$1M scholarships gift to help active duty or veterans of the U.S. Armed Forces at the business school
On Veterans Day, William & Mary’s Raymond A. Mason School of Business announced a $1 million commitment from Dan Akerson and his late wife, Karin Akerson, to create a scholarship for students who are active duty or veterans of the U.S. Armed Forces enrolled in the business school.
“William & Mary has a long legacy of service to our nation, dating before the Revolutionary War. For centuries, our students and alumni have been very civic- and service-minded — helping to defend our freedoms and improve our communities,” said President Katherine A. Rowe. “Through this generous scholarship, the gift of opportunity is being given to those who have sacrificed so much for our country. On this Veterans Day, we are all grateful, inspired and thankful.”
The majority of active military and veteran students at William & Mary are enrolled in the business school. It is estimated that approximately 20 percent of all Mason School of Business graduate students are affiliated with the military — with a large percentage of those enrolled in the full-time MBA, Online MBA and Executive and Flex MBA programs.
The university overall, including the Raymond A. Mason School of Business, aims to enhance enrollment efforts, services and programs for active military and veteran students. Scholarships are a vital step forward in that effort and are critical to strengthening our community of diverse perspectives, added Rowe.
“For a long time, this scholarship is something Karin and I felt was the right thing to do — we wanted to pay it forward to those who have put their country’s well-being ahead of their own,” said Dan Akerson. “So many soldiers and veterans have the skills, talent and grit to excel in any business environment and to thrive in our rapidly changing world. It is my hope that our scholarship will help them reach their full potential by providing them with the means to hone these skills so they can be successful in all of their future endeavors.”
Dan is the son of a World War II and Korean War veteran, and served in the U.S. Navy for several years after graduating from the U.S. Naval Academy. A regular fixture at the Mason School of Business who reached the pinnacle of corporate success as chairman and CEO of General Motors, Akerson has a long list of achievements that have had an impressionable impact on students, faculty and the public alike, said Mason School Dean Larry Pulley.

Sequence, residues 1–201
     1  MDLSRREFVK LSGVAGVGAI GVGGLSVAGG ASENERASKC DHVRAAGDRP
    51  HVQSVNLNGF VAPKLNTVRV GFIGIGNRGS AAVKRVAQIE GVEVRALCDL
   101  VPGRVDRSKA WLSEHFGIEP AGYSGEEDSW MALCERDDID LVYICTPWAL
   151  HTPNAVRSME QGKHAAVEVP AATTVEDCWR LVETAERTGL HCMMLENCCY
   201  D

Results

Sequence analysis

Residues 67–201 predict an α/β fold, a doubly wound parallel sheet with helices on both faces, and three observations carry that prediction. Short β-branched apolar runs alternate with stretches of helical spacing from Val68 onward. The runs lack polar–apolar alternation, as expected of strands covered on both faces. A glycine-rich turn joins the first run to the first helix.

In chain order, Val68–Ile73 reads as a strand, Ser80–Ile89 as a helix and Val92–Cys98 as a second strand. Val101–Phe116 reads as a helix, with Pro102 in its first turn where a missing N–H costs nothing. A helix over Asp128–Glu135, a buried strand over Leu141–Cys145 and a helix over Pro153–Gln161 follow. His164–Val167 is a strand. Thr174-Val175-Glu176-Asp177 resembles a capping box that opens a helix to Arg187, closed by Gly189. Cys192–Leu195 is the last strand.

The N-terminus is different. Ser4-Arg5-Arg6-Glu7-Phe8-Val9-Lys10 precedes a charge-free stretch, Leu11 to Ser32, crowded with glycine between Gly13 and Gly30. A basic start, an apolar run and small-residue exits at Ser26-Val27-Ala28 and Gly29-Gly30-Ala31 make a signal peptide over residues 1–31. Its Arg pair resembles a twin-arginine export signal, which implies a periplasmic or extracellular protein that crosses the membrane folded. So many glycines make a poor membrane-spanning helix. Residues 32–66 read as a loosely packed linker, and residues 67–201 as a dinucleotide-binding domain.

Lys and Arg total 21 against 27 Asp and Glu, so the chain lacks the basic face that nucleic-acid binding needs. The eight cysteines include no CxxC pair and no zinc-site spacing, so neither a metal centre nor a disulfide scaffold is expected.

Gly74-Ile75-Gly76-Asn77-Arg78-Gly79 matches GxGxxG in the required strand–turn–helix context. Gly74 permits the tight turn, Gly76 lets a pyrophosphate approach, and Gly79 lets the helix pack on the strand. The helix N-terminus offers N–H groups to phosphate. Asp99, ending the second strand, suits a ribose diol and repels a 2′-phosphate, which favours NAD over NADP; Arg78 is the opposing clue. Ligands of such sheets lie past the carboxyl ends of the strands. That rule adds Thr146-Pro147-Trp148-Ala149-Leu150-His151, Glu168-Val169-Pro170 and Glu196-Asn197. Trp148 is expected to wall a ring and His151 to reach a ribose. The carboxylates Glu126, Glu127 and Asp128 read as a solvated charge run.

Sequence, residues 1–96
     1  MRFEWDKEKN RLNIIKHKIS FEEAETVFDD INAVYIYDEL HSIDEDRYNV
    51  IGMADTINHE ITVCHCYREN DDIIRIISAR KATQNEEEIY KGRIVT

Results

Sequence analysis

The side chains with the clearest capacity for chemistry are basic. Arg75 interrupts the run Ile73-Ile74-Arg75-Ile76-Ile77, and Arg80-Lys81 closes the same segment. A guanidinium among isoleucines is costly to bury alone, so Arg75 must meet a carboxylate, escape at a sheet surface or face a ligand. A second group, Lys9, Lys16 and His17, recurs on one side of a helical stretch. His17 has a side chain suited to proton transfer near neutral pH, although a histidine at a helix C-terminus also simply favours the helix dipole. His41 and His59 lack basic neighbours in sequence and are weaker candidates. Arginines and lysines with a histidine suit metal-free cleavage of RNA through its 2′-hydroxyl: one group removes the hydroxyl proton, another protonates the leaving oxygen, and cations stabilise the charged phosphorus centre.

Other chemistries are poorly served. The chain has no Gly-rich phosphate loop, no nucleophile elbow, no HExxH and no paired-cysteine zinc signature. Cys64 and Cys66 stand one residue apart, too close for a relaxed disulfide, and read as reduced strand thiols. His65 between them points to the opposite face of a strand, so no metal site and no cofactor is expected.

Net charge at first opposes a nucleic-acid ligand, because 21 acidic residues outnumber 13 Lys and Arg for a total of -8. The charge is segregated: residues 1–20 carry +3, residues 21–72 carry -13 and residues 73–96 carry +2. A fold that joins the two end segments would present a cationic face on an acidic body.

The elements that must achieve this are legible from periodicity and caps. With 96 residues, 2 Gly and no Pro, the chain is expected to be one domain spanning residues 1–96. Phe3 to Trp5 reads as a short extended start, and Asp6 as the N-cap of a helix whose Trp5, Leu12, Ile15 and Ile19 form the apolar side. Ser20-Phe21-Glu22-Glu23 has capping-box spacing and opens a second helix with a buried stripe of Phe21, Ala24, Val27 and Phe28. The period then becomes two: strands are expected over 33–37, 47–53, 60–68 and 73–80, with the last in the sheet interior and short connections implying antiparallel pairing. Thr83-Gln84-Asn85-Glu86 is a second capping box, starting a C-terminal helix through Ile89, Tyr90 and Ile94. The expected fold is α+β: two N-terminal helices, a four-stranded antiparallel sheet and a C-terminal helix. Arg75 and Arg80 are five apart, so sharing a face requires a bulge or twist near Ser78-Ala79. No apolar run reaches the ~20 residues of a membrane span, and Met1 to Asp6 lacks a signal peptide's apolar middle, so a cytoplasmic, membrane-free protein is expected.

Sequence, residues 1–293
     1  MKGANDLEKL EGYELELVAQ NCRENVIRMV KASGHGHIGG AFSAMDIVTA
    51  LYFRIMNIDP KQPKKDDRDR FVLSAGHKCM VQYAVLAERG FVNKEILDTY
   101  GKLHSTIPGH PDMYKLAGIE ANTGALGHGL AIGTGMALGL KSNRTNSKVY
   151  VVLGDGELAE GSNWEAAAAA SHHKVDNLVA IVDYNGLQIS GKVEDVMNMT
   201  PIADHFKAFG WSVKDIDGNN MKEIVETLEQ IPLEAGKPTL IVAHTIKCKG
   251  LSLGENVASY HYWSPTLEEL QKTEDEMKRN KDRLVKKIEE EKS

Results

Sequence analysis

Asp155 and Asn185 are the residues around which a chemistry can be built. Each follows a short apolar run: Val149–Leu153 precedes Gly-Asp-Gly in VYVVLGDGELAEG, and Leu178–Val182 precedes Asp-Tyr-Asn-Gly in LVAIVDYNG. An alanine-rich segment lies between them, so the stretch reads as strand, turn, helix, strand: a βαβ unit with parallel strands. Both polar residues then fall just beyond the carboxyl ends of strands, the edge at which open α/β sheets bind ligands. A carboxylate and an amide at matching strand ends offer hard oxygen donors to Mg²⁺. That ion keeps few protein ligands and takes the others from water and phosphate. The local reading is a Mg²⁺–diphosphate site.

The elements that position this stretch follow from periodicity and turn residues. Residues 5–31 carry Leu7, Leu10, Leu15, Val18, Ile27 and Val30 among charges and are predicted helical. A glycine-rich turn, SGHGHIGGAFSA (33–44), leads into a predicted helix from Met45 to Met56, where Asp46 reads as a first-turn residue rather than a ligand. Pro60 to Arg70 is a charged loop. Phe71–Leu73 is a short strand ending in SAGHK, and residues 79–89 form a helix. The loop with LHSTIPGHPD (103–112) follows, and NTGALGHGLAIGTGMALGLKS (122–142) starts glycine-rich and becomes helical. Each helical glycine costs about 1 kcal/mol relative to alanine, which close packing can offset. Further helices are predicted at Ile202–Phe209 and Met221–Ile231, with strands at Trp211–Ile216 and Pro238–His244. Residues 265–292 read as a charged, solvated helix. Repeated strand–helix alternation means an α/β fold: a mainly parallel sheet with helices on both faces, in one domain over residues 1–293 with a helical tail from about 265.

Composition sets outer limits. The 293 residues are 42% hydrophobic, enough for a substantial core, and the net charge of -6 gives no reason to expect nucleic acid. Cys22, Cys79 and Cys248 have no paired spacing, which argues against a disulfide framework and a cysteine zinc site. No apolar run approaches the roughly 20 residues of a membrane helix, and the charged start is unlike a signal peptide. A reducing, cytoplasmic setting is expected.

He has volunteered his time in many capacities, including as an executive in residence and guest lecturer at the Mason School — focusing on topics such as business and ethics — as well as a McGlothlin Leadership Forum Fellow in 2016. He has also held a leadership role on the William & Mary Business School Foundation.
Karin was actively involved at the university and within her local community, and for years worked in a variety of roles at the National Gallery of Art in Washington, D.C. A proud parent of a William & Mary student and two other children, Karin cared deeply about providing students with exceptional educational opportunities — and making sure that such opportunities are within reach for those facing challenges, including financial difficulties, added Dan. Earlier this year, she passed away after a courageous battle with cancer.
“I admire so much about Mr. Akerson’s character — he left his powerful position at GM to take care of his late wife and to be by her side during a difficult time. Through his philanthropy, and by making this gift in Karin’s memory, he is sending a powerful message to veterans facing hardships and challenges that they matter,” said Jonathan Ward M.B.A. ’19, who is an officer in the U.S. Army. Ward has served in the Army for 21 years and has been deployed nine times in combat zones including Afghanistan, Iraq and countries throughout the continent of Africa.
Ward added, “This scholarship provides an avenue for these students to achieve success beyond the military and represents a catalyst for them to earn their degree from a world-renowned institution such as William & Mary. But above all else, it provides them with hope.”
When asked what he wants to do when he retires from the military, Ward said, “In the words of Mr. Akerson himself, ‘if I’m not set out to be a CEO, I shouldn’t be here.’ I aspire to set the bar as high as he did."
Pulley has witnessed firsthand the impact Akerson has had on the students at the business school. He’s seen him work directly with many of the active military and veteran students, including Ward.“A veteran himself, Dan has been a longtime advocate for those serving in our military. He recognizes the valuable leadership skills and unique perspectives that active military and veterans bring to the table — as well as their potential for translating those skills into the business world. Dan exemplifies those qualities himself and through this transformational gift, he and Karin will ensure that others have the opportunity to do the same,” said Pulley.